in  the USA, barium  concentration ranged from  0.0015  to
0.95 µg/m3 (US EPA, 1984).

    In  three  communities in  New  York City,  barium was
measured in dustfall and household dust (Creason  et  al.,
1975).  With standard methods (US EPA, 1974), the dustfall
was  found to contain an average of 137 µg  barium/g dust,
while the house dust contained 20 µg barium/g.

5.1.2.  Water

    The  presence of barium in sea water, river water, and
well  water has been well documented.  It occurs in almost
all  surface waters that  have been examined  (NAS, 1977).
The  concentration present is  extremely variable and  de-
pends  on  factors  (e.g.,  local  geology)  that   affect
aquifers  and any water  treatment that has  occurred. The
concentration of barium in water is related to  the  hard-
ness  of  the water,  which is defined  as the sum  of the
polyvalent cations present, including the ions of calcium,
magnesium, iron, manganese, copper, barium, and zinc (NAS,
1977). Barium concentrations of 7 to 15 000 µg/litre  have
been measured in fresh water and 6 µg/litre   in sea water
(Schroeder et al., 1972).

Table 5.  Barium in the ambient air of various cities in the USAa
                                 Percentage of samples at various concentrations (ug/m3)  
        City                     --------------------------------------------------------
                                  < 0.005  > 0.005-0.05  > 0.05-0.5  > 0.5-1.5        
Houston (urban, suburban)            24          60            10            6              
Boston (urban), Chicago, Denver,     32          52            16            0              
E. St. Louis, Louisville,                                                                   
Minneapolis, New Orleans,                                                                   
Portland, Salt Lake City, Tampa                                                             
Boston (suburban), Chattanooga,      36          64             0            0              
E. Chicago, Washington, DC                                                                  
Fort Worth, Jersey City, New York,   66          34             0            0              
Lakehurst (NJ), Paulsboro (NJ)      100           0             0            0              
a  Source: Tabor & Warren (1958) Surface waters

    In  the USA, levels  of barium in  water vary  greatly
depending on local geochemical influences. Levels reported
in various studies are shown in Table 6.

Table 6.  Barium content in USA surface waters
                Barium Concentration (µg/litre)                                 
Source          Range                  Mean         Reference                  
Fresh water     7-15 000               50           Schroeder (1970)    
River water     9-150             57 (54 median)    Durum (1960)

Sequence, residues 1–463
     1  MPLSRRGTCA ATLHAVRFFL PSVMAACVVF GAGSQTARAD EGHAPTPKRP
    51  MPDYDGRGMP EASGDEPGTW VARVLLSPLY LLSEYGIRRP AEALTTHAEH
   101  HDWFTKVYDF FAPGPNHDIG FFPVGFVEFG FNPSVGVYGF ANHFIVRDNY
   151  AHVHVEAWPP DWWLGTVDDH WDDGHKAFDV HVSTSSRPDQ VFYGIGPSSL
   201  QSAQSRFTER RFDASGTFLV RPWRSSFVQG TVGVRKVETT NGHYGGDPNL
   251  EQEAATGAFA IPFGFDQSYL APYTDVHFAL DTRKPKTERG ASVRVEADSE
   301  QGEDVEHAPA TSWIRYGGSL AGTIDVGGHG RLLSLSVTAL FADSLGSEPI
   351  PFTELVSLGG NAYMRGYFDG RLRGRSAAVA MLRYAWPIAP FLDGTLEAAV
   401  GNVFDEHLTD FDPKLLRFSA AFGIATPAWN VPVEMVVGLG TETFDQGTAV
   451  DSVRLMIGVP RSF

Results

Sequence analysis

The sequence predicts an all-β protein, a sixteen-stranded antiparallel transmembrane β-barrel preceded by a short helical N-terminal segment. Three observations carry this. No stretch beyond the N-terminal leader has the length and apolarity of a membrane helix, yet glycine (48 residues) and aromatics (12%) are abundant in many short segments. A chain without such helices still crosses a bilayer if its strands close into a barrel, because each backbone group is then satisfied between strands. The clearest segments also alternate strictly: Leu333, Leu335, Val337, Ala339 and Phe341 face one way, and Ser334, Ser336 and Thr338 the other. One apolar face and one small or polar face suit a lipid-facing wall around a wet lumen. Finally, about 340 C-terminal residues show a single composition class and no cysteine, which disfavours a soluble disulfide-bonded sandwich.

Surface water   2-340                  43           Kopp (1969);        
                                                    Kopp & Kroner (1970)
Surface water   10-12 000              50           Bradford (1971)     
------------------------------------------------------------------------   Drinking-water

    Municipal  water supplies depend  upon the quality  of
surface  waters  and ground  waters,  and these,  in turn,
depend  upon local geochemical influences.  Studies of the
water quality in cities in the USA have revealed levels of
barium ranging from a trace to 10 000 µg/litre   (Durfor &
Becker, 1964; Barnett et al., 1969; McCabe et  al.,  1970;
McCabe, 1974; Calabrese, 1977; AWWA, 1985). Drinking-water
levels  of  at  least  1000 µg    barium/litre  have  been

reported  when the barium is present mainly in the form of
insoluble salts (Kojola et al., 1978). Levels of barium in
Canadian water supplies have been reported to  range  from
5  to 600 µg/litre   (Subramanian  & Meranger, 1984),  and
municipal  water  levels  in  Sweden  ranging  from  1  to
20 µg/litre have been measured (Reeves, 1986). Ocean waters

    The  concentration  of  barium  in  sea  water  varies
greatly  with  factors such  as  latitude, depth,  and the
ocean  in question.  Several  studies have shown  that the
barium  content in the open ocean increases with the depth
of  water (Chow  & Goldberg,  1960; Bolter  et al.,  1964;
Turekian, 1965; Chow & Patterson, 1966; Anderson  &  Hume,
1968).   A Geosecs III study  of the southwest  Pacific by
Bacon   &  Edmond  (1972)   found  a  barium   profile  of
4.9 µg/litre   in surface waters to 19.5 µg/litre  in deep
waters.   Later studies  by Chow  (1976) and  Chow et  al.
(1978)  corroborated  these  values.  The  barium  concen-
tration  in  the  northeast  Pacific  ranges  from  8.5 to
32 µg/litre    (Wolgemuth & Brocker, 1970).  Bernat et al.
(1972)  found that barium  concentration profiles for  the
eastern  Pacific  Ocean  and the  Mediterranean Sea ranged
from  5.2 to 25.2 µg/litre  and from 10.6 to 12.7 µg/litre,

    Anderson  & Hume (1968) reported concentrations in the
Atlantic  Ocean ranging from 0.8 to 37.0 µg/litre   in the
equatorial  region and from 0.04 to 22.8 µg/litre   in the
North  Atlantic, with mean values of 6.5 and 7.6 µg/litre,
respectively. In Atlantic Ocean waters off Bermuda, barium
concentrations  of 15.9-19.1 µg/litre  have  been measured
(Chow & Patterson, 1966).

5.1.3.  Soil and sediment

    The presence of barium in soils has received attention
since  it was first  documented in the  muds of the  River
Nile  (Knop, 1874)  and the  soils of  the USA  (Crawford,
1908).  In the earth's crust the barium  concentration  is
400  to  500 mg/kg  (Wells, 1937;  Schroeder, 1970; Davis,
1972).   Later works have verified the levels found in the